Password Strength Is A Hard Problem

We are all familiar with the classic advice on password strength, a mix of lowercase, uppercase, symbols, numbers, of a certain length. It is trivial to construct a validator for password strength in Python

>>> from string import ascii_uppercase, ascii_lowercase, digits, punctuation
>>> def check_pw1(p, m=8):
...     return len(p) >= m and all(map(lambda x: any(y for y in x if y in p), [ascii_uppercase, ascii_lowercase, digits, punctuation]))
>>>

The problem with this is that you can meet all these requirements and still have a bad password, for example:

>>> check_pw1('Gaiu$123')
True
>>> check_pw1('P@55w0rd')
True
>>>

When substituting symbols or numbers for letters, everyone does it in predictable ways, such as S → $ or 5, T → +, O → 0 and so on. So these offer only minimal protection against brute-force dictionary attacks, or even intelligent guesses. We can easily generate a few variations (there are obviously combinations of variations too that would need to be considered too†):

>>> s = {'s': ['5', '$'], 'a': ['@',], 'o': ['0', '.']}
>>> def subs(a):
...     x, y = a
...     return [(x, z) for z in y] + [(x, x.upper())]
>>> l = ['password'.replace(a, b) for a, b in [x for y in map(subs, s.items()) for x in y]]
>>> l
['pa55word', 'pa$$word', 'paSSword', 'p@ssword', 'pAssword', 'passw0rd', 'passw.rd', 'passwOrd']
>>> p = 'password'
>>> for a, b in [x for y in map(subs, s.items()) for x in y]:
...     p = p.replace(a, b)
...
>>> p
'p@55w0rd'
>>> l.append(p)

Looking at the size of the dictionary, with a few combinations you would end up with well over a million possibilities, possibly several million, but remember that with techniques like rainbow tables these kinds of attacks were feasible decades ago, now you can easy throw 10000× the compute power at it.

gaius@klossy:~$ wc -l /usr/share/dict/words
102401 /usr/share/dict/words

Maybe we can do something a bit cleverer using NLP techniques:

>>> from nltk.metrics.distance import edit_distance
>>> def check_pw2(u, p, m=8):
...     return len(p) >= m and edit_distance(u, p) >= m
...
>>> check_pw2('gaius', 'Gaiu$123')
False
>>> check_pw2('gaius', 'P@55w0rd')
True

But it’s still not foolproof.

>>> def check_pw3(u, p, m=8):
...     return len(p) >= m and edit_distance(u, p) >= m and p not in l
...
>>> check_pw3('gaius', 'P@55w0rd')
True
>>> edit_distance('password', 'P@55w0rd')
5
>>>

Hah, I’m not as clever as I thought I was, in building my list of substitutions I “forgot” that every letter can also be substituted for its opposite-case counterpart. And you can bet any users of my system, having to change their password regularly enforced by policy, would quickly discover that and use it as a means to minimise variation each time to make it easier to remember. I could then check the edit distance between the password and every word in the dictionary… It’s a neverending game of cat and mouse, and only serves to annoy everyone.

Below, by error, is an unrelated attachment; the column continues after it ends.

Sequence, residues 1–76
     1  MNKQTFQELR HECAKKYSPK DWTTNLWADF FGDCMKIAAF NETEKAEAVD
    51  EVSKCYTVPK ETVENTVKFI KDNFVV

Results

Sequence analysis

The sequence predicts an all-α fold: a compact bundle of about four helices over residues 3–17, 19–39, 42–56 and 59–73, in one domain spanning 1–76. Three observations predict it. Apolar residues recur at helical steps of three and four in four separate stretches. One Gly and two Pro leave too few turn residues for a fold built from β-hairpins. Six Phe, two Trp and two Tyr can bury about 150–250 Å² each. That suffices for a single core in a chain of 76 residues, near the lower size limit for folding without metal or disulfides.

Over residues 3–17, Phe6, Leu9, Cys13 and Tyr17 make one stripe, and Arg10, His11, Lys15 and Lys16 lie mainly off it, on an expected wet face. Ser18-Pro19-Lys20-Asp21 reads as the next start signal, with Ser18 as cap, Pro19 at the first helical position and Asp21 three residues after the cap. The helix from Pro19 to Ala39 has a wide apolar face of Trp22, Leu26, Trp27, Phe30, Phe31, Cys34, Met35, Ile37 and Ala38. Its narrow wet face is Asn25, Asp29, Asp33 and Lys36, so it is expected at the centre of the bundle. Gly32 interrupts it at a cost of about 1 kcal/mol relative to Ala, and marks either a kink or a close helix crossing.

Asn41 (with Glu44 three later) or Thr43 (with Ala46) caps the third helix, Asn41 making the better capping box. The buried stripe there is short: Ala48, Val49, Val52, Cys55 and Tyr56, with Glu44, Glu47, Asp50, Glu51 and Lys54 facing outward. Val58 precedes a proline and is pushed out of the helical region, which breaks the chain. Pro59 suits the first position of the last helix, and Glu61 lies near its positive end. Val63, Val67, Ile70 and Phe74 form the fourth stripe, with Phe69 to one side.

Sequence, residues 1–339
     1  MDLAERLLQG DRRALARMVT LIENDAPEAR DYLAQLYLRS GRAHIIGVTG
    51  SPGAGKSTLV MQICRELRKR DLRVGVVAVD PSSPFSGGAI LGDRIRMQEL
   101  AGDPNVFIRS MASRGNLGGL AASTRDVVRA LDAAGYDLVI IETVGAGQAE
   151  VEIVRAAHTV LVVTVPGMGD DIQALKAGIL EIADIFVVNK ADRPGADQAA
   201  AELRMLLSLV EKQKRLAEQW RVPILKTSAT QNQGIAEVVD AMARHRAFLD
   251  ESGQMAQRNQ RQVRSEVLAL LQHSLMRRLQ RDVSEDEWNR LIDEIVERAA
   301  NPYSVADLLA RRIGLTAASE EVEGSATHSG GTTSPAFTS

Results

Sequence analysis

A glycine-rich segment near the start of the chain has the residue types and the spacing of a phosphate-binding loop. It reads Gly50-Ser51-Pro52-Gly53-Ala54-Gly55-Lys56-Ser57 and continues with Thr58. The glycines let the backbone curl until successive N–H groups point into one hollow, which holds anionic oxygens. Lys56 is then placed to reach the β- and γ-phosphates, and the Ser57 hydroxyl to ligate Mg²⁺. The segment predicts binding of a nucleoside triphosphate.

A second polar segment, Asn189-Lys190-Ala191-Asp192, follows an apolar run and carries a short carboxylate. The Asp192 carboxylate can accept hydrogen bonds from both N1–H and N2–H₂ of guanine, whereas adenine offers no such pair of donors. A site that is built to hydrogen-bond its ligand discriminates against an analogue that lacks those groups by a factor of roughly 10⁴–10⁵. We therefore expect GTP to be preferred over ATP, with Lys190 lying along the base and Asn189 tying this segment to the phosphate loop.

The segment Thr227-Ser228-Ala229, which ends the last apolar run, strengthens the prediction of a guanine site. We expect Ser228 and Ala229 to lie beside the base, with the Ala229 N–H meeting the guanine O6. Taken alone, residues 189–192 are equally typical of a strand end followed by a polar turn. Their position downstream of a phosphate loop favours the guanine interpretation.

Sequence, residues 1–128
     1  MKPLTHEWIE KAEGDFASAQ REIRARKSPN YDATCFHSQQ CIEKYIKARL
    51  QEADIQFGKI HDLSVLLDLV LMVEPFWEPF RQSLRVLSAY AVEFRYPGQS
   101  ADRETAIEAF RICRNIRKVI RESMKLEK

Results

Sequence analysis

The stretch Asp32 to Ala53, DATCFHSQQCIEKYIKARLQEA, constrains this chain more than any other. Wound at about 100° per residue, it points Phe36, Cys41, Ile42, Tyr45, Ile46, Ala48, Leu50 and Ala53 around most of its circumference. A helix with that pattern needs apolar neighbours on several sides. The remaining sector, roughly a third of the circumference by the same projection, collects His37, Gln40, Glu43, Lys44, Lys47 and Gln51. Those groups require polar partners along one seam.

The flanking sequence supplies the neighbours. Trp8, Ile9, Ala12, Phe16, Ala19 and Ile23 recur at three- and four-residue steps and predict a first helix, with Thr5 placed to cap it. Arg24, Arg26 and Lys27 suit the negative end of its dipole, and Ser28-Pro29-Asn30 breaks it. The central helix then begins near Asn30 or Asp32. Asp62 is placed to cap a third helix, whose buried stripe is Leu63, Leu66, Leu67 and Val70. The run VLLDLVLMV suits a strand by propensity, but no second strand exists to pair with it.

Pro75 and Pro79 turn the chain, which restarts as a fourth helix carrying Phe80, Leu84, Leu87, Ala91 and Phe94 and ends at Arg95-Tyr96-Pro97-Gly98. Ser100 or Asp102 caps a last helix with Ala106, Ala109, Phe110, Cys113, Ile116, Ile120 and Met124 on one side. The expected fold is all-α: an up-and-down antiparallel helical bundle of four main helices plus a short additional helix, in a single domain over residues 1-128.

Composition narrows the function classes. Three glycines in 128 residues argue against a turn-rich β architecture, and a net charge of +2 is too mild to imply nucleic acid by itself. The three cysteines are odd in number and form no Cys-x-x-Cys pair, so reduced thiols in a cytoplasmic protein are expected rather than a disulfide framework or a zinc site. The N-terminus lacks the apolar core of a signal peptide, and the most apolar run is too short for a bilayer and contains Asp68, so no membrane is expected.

>>> from timeit import timeit
>>> timeit("""from nltk.metrics.distance import edit_distance
... f = open('/usr/share/dict/words', 'r')
... for w in f:
...     edit_distance(w, 'P@55w0rd')
... """, number=10)
244.13386648699998

But we can try it:

Screenshot 2019-08-31 at 15.34.46

>>> check_pw4('gaius', 'P@55w0rd')
abactor

False
>>> check_pw4('gaius', 'agi395wk%')
aardvark

False

Finally! But maybe it’s too good!

>>> check_pw4('gaius', 'agi395wk%', 7)
agile

False
>>> check_pw4('gaius', 'agi395wk%', 6)
True

OK, we can maybe get decent results relaxing it a bit. It still needs tweaking but I have proved my point! Programatically checking a password short enough to be memorable is a hard problem! It would require an almost impossible effort to cross check against names of relatives, names of pets, birthdays, postcodes, car registrations… A password can simultaneously be both secure in theory and trivial to guess in practice.

You have to get into the realms of pwgen 20 to be secure, eventually you end up with something as long as an SSH key! People are too predictable and the traditional rules are too easy to workaround. I wonder if any formal studies have ever been done into the most complex password a normal user can cope with, or whether “the rules” were just dreamt up by someone one day without really thinking about it. You very quickly reach the tipping point which leads to post-it notes on monitors!

None of this matters anyway really, I’ll wager very few cyberattackers make the initial breach via guessing a password these days. Just waltz in through an unpatched vulnerability and grab the whole user database and crack, sorry, “recover” it offline at your leisure… 😀

† Not my intention here to give away anything actually useful obviously

About Gaius

Jus' a good ol' boy, never meanin' no harm
This entry was posted in Cyber, Linux, Microsoft, Python, Random thoughts, SQL Server and tagged , , , . Bookmark the permalink.

Leave a Reply

Fill in your details below or click an icon to log in:

WordPress.com Logo

You are commenting using your WordPress.com account. Log Out /  Change )

Google photo

You are commenting using your Google account. Log Out /  Change )

Twitter picture

You are commenting using your Twitter account. Log Out /  Change )

Facebook photo

You are commenting using your Facebook account. Log Out /  Change )

Connecting to %s